Coping With Climate
December 31, 2008 09:28 AM - Newsweek
Developing nations will bear the brunt of global warming. Public-private partnerships can help. Even if the world were to take steps to quickly and dramatically limit greenhouse-gas emissions, the levels already in the atmosphere will continue to alter our climate in the coming decades. As the focus of the debate on global warming shifts to assessing the impact of rises in temperature and coping with their effects, it has become increasingly clear that the developing world will face some of the greatest challenges. Dealing with this problem will require broad partnerships between public, private and nonprofit organizations.
2009 to be one of warmest years on record: researchers
December 31, 2008 09:14 AM - Reuters
LONDON (Reuters) - Next year is set to be one of the top-five warmest on record, British climate scientists said on Tuesday. The average global temperature for 2009 is expected to be more than 0.4 degrees celsius above the long-term average, despite the continued cooling of huge areas of the Pacific Ocean, a phenomenon known as La Nina.
Malibu's vanishing Broad Beach a sign of rising sea levels, experts say
December 31, 2008 08:58 AM - LA Times
As wealthy homeowners build sandbag walls and plan more extensive, costly measures, scientists say the ocean could eventually defeat all such efforts.
Seawater science can help climate change forecasts
December 29, 2008 09:24 AM - Reuters
SINGAPORE (Reuters) - A team of scientists has come up with a new definition of seawater which is set to boost the accuracy of projections for oceans and climate. Oceans help regulate the planet's weather by shifting heat from the equator to the poles. Changes in salinity and temperature are major forces driving global currents as well as circulation patterns from the surface to the seabed.
'Japanese Inuit' warns of climate change danger
December 29, 2008 08:44 AM - Asahi
As the fields of ice surrounding his home rapidly become thinner, Ikuo Oshima knows firsthand that the effects of global warming are not a problem of the distant future, but a present danger.
Sierra Warming: Later snow, earlier melt: High anxiety
December 26, 2008 11:47 AM - www.sacbee.com
After weeks of waiting, mountain residents awoke to their first glimpse of winter on Dec. 13, a few fluffy inches of powder that clung to the tops of boulders like chefs' hats. More fell over the past two weeks, enough to bury the camel-colored meadow grass and wine-red willows in a deepening blanket of white. The magic, though, came late, just days before Christmas — one of the tardiest winter debuts ever.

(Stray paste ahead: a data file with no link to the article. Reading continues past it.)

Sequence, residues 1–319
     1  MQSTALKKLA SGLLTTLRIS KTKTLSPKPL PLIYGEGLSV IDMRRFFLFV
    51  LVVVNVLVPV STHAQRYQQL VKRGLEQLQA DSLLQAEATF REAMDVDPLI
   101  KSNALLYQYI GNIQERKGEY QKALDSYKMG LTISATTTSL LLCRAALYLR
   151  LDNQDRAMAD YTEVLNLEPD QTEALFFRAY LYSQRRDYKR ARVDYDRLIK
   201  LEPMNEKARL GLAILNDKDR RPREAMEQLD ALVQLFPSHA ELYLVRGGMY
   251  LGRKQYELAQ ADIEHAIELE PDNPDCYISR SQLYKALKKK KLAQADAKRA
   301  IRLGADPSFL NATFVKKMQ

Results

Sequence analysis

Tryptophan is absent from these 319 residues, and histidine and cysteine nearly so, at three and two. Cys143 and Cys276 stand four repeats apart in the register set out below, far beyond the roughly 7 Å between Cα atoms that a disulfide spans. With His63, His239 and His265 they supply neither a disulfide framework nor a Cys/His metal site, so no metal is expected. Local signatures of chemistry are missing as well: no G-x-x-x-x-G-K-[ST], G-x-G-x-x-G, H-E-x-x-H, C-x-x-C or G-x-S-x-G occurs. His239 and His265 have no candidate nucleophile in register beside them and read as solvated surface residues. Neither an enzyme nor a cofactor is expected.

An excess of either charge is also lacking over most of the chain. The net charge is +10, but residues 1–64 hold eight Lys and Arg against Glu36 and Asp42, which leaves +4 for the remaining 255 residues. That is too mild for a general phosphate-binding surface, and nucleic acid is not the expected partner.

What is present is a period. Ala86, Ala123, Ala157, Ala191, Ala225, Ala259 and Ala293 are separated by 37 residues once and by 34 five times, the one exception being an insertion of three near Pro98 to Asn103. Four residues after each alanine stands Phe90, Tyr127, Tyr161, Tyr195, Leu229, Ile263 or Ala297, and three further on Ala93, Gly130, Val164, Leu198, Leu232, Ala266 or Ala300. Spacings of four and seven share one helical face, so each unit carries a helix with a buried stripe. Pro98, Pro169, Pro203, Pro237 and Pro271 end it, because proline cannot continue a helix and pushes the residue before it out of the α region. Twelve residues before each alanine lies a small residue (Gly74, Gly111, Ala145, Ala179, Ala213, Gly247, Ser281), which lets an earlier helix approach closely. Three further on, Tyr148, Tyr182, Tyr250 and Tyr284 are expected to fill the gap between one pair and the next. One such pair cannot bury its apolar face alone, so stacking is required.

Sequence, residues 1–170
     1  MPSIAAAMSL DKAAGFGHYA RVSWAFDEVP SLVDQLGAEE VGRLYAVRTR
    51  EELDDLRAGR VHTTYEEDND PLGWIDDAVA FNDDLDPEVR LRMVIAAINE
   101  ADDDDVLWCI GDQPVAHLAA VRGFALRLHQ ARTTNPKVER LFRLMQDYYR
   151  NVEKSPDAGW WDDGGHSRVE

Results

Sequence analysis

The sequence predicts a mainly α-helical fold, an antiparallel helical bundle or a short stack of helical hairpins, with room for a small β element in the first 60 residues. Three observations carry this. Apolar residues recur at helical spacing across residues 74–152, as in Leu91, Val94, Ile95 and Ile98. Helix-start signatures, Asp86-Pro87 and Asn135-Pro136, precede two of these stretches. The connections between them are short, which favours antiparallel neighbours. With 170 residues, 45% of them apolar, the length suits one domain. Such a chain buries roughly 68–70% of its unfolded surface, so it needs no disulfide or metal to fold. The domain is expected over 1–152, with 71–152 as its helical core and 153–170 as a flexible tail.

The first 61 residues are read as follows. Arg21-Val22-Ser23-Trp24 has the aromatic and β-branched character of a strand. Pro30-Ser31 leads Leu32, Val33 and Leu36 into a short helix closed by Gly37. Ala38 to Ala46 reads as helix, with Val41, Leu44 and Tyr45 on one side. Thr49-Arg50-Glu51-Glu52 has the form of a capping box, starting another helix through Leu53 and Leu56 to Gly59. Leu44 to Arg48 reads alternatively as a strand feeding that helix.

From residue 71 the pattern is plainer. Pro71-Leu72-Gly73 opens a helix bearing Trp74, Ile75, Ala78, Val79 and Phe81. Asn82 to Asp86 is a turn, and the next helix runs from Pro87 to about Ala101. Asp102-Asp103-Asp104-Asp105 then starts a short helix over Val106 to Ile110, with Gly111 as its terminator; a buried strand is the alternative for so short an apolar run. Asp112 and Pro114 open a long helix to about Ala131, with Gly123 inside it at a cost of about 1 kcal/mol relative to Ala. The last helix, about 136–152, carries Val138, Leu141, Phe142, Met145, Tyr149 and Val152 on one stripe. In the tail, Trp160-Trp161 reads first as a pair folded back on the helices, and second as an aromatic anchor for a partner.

Obama team primed to push climate change agenda
December 23, 2008 10:15 AM - Reuters
WASHINGTON (Reuters) - President-electBarack Obama's new "green dream team" is committed to battling climate change and ready to push for big policy reforms, in stark contrast with the Bush administration, environmental advocates said on Monday. "If this team can't advance strong national policy on global warming, then no one can," said Kevin Knobloch, president of the Union of Concerned Scientists, referring to Obama's picks for the top energy and environment jobs in his administration, which takes office on January 20.
Rudd's climate call
December 23, 2008 09:03 AM - Otago Daily Times
New Australian Prime Minister Kevin Rudd resembled nothing so much as a white knight ranged on his charger against the dark forces of global climate change as he assumed office. He had campaigned for a world-leading role in the battle to save the world and had appeared to have received a resounding mandate.
'Obama move will lure India into climate change fight'
December 22, 2008 11:38 AM - www.hindu.com
London (IANS): US president-elect Barack Obama's groundbreaking move to appoint two global warming specialists as his main scientific advisers is the first step towards persuading India, China and Brazil to join the fight against climate change, says a leading British scientist. Obama Saturday nominated Harvard physicist John Holdren as his scientific adviser and marine biologist Jane Lubchenco to head the US oceanic research body.
Abrupt climate shifts may move faster than thought
December 22, 2008 09:53 AM - The Earth Institute at Columbia University
San Francisco-- The United States could suffer the effects of abrupt climate changes within decades—sooner than some previously thought--says a new government report. It contends that seas could rise rapidly if melting of polar ice continues to outrun recent projections, and that an ongoing drought in the U.S. west could be the start of permanent drying for the region. Commissioned by the U.S. Climate Change Science Program, the report was authored by experts from the U.S. Geological Survey, Columbia University's Lamont-Doherty Earth Observatory and other leading institutions. It was released at this week's meeting of the American Geophysical Union.